On the surface, smoked alcohol may seem attractive to users. None of the alcohol is metabolized by the stomach, and it goes directly to the brain and bloodstream. This results in a shorter, but faster feeling of intoxication. Some online videos lure teens into thinking that “smoking” alcohol hides their use from parents and police, but that is not the case.

“Smoking” alcohol is very dangerous. Because the alcohol bypasses the stomach and liver, it is in a more concentrated form when it enters the body. Individuals who smoke alcohol are at a much higher risk of an alcohol overdose, referred to as “alcohol poisoning”. In the normal course of drinking, as people become more intoxicated, they generally vomit. Vomiting is the actually your body’s way of preventing an overdose. However, when alcohol bypasses the stomach and liver– as in “smoking” alcohol– there is no effective way to get rid of it. Once your brain has absorbed the ethanol, there is no way to expel it from your system.

An additional risk centers on the addictive potential of vaporizing alcohol. The rapid and intense effect of vaporizing alcohol–similar to the “quick hit” of cocaine, cigarettes, and methamphetamine—has tremendous potential to reinforce the addictive effects, leading to greater abuse potential.

Talbot Partnership encourages parents to stay on top of dangerous trends by simply searching around online and paying attention to their kids’ conversations with friends. For further information on alcohol and other drugs, contact Talbot Partnership at 410-819-8067 or info@talbotpartnership.org. Please also visit our website at www.talbotpartnership.org or find us on Facebook.

 

Illicit Drug use Continues to Increase

clip_image002[2] (59 x 72)Talbot Partnership for Alcohol and Other Drug Abuse Prevention reports that an estimated 22.5 million Americans aged 12 or older—or 8.7 percent of the population—had used an illicit drug or abused a psychotherapeutic medication (such as a pain reliever, stimulant, or tranquilizer) in the past month, according to a report by the National Survey on Drug Use and Health. This is up from 8.3 percent in 2002. According to the report, the increase mostly reflects a recent rise in the use of marijuana, the most commonly used illicit drug.

Marijuana use has increased since 2007. In 2011, there were 18.1 million current (past-month) users—about 7.0 percent of people aged 12 or older—up from 14.4 million (5.8 percent) in 2007. Cocaine use has gone down in the last few years; from 2006 to 2011, the number of current users aged 12 or older dropped from 2.4 million to 1.4 million. Prescription drug use and more recently, heroin, however have increased.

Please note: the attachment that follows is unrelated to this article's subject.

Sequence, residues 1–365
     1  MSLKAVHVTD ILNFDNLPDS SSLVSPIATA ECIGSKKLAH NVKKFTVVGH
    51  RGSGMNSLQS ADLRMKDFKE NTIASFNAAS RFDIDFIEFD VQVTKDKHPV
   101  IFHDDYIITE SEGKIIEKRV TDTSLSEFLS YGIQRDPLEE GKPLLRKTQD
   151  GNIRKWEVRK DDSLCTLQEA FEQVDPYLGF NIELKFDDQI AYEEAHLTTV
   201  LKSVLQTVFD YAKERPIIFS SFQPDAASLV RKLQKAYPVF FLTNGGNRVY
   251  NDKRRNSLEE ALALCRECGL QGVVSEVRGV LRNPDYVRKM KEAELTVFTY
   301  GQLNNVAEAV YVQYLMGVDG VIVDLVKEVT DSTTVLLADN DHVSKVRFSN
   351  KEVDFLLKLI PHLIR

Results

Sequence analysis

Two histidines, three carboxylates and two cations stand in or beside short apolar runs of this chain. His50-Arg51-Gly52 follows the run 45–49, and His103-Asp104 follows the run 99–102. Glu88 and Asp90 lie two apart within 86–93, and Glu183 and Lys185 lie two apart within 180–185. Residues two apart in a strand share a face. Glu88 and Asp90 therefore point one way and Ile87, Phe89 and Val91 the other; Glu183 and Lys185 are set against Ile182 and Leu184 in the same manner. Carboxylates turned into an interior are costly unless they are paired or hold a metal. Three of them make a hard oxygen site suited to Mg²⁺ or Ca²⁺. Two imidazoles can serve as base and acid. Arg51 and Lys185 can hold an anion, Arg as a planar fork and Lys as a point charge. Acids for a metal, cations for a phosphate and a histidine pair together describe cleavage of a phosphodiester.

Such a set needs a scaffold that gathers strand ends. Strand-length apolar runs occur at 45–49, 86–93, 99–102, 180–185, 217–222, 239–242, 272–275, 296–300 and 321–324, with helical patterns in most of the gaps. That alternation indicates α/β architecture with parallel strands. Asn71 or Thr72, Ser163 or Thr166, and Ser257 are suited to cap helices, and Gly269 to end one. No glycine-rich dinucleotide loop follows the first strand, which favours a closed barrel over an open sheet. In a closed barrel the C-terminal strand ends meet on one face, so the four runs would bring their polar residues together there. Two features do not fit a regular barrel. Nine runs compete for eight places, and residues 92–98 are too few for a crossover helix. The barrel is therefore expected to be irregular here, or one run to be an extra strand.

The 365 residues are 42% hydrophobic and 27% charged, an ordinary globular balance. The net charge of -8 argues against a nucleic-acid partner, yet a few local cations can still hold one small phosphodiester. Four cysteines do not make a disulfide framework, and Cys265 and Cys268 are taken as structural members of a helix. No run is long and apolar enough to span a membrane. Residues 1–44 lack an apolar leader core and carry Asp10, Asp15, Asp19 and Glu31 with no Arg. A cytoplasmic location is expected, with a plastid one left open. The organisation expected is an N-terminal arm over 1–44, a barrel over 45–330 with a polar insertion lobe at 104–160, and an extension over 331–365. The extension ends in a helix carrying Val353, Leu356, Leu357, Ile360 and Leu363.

The primary reason for the growth in heroin use is the increase in the number of people who have switched from abusing prescription drugs to heroin. Adults and teenagers who became addicted to prescription drugs are now buying heroin from drug dealers.

In Talbot County, statistics from the Talbot Health Department show that alcohol abuse continues to be the primary reason for treatment for our adults, however 50% or more of those treated use 2 or more drugs and 30% use 3 or more. In our adult (18 and over) population, we are seeing an increase in heroin use, particularly intravenous use.

Talbot County has had 21 unintentional intoxication deaths in the time period from 2007 – 2012. Fourteen of these deaths were related to opoid use; 6 of them heroin. Our rates had declined in 2008 through 2011 but increased sharply in 2012.

Most people use drugs for the first time when they are teenagers. There were just over 3.0 million new users (initiates) of illicit drugs in 2011, or about 8,400 new users per day. Half (51 percent) were under 18. More than half of new illicit drug users begin with marijuana. Next most common are prescription pain relievers, followed by inhalants (which is most common among younger teens).

After alcohol, marijuana has the highest rate of dependence or abuse among all drugs. In 2011, 4.2 million Americans met clinical criteria for dependence or abuse of marijuana in the past year—more than twice the number for dependence/abuse of prescription pain relievers (1.8 million) and four times the number for dependence/abuse of cocaine (821,000).

For further information on illicit drugs, contact Talbot Partnership at 410-819-8067 or info@talbotpartnership.org. Please also visit our website at www.talbotpartnership.org or find us on Facebook.

What To Do If You Suspect Your Child Is Using Drugs

clip_image002[2] (59 x 72)Parents are often concerned about whether their children will start or are already using drugs such as alcohol, tobacco, marijuana, and others, like prescription drugs, and how to respond in such a situation.

According to Talbot Partnership for Alcohol and Other Drug Abuse Prevention, the first thing you can do is be proactive. If you drink or use substances, lock it up. Or better yet, get it completely out of the house. If you have prescription medications, lock those up too. Don’t assume that just because your teen is using one substance, he’s not open to getting high in a different way.